Damian Loeb (born 1970) is a self taught American painter. Growing up
in Connecticut, he moved to New York City in 1989.

Loeb had his first solo show in 1999 at the Mary Boone Gallery. He is
now represented by Acquavella Galleries in New York and has had
international solo and group shows at galleries and museums, including
White Cube in London, Jablonka Galerie in Cologne, the Kunsthalle in
Hamburg, and a 2006 retrospective at the Aldrich Museum of Contemporary
Art in Connecticut.

His work has consistently explored the dialogue of narrative tropes in
an image soaked contemporary environment. Early works used found
imagery collaged to create new contexts from photojournalism and
advertising. Successive shows moved on to use and explore cinematic
stills as the source of a visual collective consciousness.

Having taught himself photography in recent years, his latest body of
work takes the dialogue to the next step by incorporating the vocabulary
of cinematography and the expediency of his original photographs as
inspiration for the new paintings.

According to the artist:

Our memories are convenient lies we create, cribbing images from others'
experiences, subconsciously culled from the ever abundant and
exponentially growing library of both digital and analogue film and
print media -- always just a click away. We discard the personal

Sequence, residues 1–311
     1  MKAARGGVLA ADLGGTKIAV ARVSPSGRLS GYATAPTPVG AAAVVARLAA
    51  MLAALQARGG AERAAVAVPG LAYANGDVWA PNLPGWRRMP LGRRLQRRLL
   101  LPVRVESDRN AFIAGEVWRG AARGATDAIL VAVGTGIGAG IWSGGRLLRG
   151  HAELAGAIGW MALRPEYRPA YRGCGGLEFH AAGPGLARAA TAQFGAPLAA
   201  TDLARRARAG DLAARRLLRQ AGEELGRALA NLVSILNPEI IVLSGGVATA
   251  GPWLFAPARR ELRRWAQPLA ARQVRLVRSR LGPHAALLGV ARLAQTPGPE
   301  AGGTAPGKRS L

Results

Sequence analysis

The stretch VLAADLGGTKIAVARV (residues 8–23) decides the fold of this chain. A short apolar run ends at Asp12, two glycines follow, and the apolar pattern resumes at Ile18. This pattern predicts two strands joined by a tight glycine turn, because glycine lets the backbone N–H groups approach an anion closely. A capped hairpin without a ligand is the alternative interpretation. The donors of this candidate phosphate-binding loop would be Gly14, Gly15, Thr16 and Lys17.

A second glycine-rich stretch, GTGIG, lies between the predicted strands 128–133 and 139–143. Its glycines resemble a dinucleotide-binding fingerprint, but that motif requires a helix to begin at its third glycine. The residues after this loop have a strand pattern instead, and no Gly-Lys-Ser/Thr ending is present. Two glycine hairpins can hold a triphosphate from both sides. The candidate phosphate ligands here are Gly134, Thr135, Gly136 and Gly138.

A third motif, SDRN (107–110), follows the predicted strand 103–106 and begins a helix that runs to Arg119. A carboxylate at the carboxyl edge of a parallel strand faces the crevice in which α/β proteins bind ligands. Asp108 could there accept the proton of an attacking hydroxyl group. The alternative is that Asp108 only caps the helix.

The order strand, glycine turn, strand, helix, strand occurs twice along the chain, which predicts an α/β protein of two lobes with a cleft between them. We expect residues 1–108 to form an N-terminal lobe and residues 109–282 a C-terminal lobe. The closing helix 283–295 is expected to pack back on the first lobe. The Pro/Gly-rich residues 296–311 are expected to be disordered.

specifics which don't conform to the ideal conventional beauty created
by art directors and cinematographers. Art becomes about history and
aesthetics or it is purely an esoteric intellectual pursuit if it
doesn't address this new way of seeing. The advent of the digital age
and the immediacy and convenience of digital video and photography
allows people to become an integral part of the feedback loop which
actively shapes the content we are fed. The images for the new show are
a reflection of an idealized world filtered through the demands of eyes
expecting momentous personal experiences to be composed like a Hollywood blockbuster -- romance to look like a French film from the 60's and fearto look like John Carpenter's Halloween. To quote Johnny Rotten,"This is what you want; this is what you get."

In creating the images I used as the basis for this collection, I shot
all the time; constantly looking through the camera instead of over it,
searching for what has now become universally familiar, the eye of the
director. Focusing on both the narrative and scene setting, but careful
to never interfere through instruction or forced lighting, I eventually
managed to find ways to compose and capture these very specific
"personal film stills". These images are solidified and codified
through the act of painting them on canvas where they can be viewed as a
new chapter in a conversation exemplified by artists as diverse as
Vermeer, Balthus, Millais, and Eric Fischl, as well as the theatrical
visions of the Lumiere brothers and the language created by master
directors like Hitchcock, Kubrick, and Spielberg.

Damian Loeb: Sgr A*
Damian Loeb: Sgr A*
March 3 – April 4, 2017
Damian Loeb
Damian Loeb